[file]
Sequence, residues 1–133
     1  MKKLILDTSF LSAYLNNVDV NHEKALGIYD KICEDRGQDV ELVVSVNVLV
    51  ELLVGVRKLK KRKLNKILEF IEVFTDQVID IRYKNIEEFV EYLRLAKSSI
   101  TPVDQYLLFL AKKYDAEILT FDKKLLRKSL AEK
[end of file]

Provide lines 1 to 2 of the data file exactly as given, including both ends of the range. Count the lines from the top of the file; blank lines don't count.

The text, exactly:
Sequence, residues 1–133
     1  MKKLILDTSF LSAYLNNVDV NHEKALGIYD KICEDRGQDV ELVVSVNVLV